Princeton double murder sentence could be precedent setting

A legal precedent could be set in the sentencing recommendations of the man found guilty of double murder in Princeton.

A legal precedent could be set in the sentencing recommendations of the man found guilty of double murder in Princeton.

The sentencing of John Ike Koopmans, 52, who was convicted in April for the murders of  Robert Keith Wharton and Rosemary Fox as well as the attempted murder of Bradley Martin, will conclude on Oct. 6.

There was a 15-year disparity between the sentencing recommendations that Crown prosecutor Frank Dubenski and defence counsel Don Skogstad put before Justice Miriam Maisonville on Sept. 25. Dubenski said his suggested sentence of life without the eligibility of parole for 30 years is backed by recent legislation, Bill C-48, making it the first recommendation of this nature in B.C. according to Dubenski.

The act, also known as the Protecting Canadians by Ending Sentence Discounts for Multiple Murderers Act, amended the Criminal Code when it was passed by the House of Commons on February 2011. It aims to enable judges to use parole ineligibility periods as instruments off denunciation, allowing them to keep multiple murderers in custody for longer periods of time serving sentences consecutively and lengthening parole eligibility periods.

The sentencing recommendations in the bill were first used in 2013 in the case of Travis Baumgartner, who pleaded guilty to the murders of his fellow armoured car guards in a 2012 Edmonton robbery.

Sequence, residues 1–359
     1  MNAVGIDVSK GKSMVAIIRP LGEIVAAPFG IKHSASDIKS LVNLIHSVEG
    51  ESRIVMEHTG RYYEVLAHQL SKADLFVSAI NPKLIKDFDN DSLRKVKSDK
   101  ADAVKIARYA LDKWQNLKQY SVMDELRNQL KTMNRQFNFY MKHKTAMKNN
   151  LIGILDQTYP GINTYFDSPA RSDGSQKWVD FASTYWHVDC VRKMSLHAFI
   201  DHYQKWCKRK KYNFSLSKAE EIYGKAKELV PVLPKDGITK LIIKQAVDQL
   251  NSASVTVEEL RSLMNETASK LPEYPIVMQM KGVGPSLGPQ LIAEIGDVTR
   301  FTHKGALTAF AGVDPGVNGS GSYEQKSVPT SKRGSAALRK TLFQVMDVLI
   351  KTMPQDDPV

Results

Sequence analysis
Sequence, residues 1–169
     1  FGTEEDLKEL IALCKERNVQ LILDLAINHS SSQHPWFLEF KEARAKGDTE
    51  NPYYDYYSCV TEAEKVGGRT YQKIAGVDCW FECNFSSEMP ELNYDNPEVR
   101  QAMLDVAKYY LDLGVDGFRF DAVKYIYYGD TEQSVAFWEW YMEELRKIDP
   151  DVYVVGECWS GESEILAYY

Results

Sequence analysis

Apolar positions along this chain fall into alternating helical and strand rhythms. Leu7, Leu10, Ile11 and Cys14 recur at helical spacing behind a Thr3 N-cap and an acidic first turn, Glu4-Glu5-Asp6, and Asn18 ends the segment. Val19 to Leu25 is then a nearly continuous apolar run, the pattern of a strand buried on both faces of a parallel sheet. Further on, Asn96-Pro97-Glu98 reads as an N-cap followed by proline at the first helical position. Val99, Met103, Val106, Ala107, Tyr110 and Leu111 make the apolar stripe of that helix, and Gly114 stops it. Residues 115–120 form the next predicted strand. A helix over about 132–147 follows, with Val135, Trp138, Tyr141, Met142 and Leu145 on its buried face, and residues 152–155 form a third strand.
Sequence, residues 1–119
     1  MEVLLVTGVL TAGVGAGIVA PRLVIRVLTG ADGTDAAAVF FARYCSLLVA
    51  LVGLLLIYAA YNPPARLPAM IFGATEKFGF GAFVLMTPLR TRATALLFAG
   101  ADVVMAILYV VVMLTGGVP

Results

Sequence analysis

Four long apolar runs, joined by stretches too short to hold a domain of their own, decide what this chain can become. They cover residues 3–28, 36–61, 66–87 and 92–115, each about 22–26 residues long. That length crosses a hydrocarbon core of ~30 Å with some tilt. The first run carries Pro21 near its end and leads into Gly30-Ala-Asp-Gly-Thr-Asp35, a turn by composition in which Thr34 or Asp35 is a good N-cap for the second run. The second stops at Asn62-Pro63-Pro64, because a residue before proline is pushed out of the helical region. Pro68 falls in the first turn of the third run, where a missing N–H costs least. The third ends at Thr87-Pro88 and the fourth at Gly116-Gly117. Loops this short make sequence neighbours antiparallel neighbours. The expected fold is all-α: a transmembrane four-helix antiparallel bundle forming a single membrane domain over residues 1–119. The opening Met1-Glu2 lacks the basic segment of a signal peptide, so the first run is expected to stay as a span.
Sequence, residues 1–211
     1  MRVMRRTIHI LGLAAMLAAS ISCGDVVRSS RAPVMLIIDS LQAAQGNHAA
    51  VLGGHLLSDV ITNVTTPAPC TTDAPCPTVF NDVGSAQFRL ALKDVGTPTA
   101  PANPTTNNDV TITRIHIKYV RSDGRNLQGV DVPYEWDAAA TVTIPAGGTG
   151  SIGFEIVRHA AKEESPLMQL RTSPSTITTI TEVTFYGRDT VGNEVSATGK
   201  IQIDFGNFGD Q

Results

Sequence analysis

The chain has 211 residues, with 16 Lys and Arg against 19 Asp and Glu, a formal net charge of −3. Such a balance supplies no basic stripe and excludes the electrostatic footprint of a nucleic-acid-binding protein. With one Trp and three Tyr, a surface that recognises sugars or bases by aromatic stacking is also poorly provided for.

However, unlike prior cases that have used this legislation, Koopmans has not pleaded guilty and maintains his innocence.

“The majority of the cases up to this point have involved guilty pleas and some joint submissions after guilty pleas so there’s been some negotiation in the resolution of the matters,” Dubenski said. “This seems to be the first case, at least here in B.C., where there’s been no joint submission. The judge told us the case that she’s doing in the lower mainland is a joint submission, so we’ll see.”

Koopmans’ defence counsel put forward a recommendation for a 17.5-year sentence, less time served.

“We do not deal with it because we’re angry and we want vengeance. We want to exact punishment, but we want to do so in the framework of the law,” Skogstad said.

Koopmans’ application for a mistrial on the count of attempted murder was denied on Sept. 24. The application was submitted due to the fact that the jury in the eight-week trial was not given options to convict Koopmans for lesser charges on that count. Justice Maisonville ruled she did not have the jurisdiction post-verdict to call for a mistrial.

Skogstad previously told the Western News that his client is considering filling an appeal.

 

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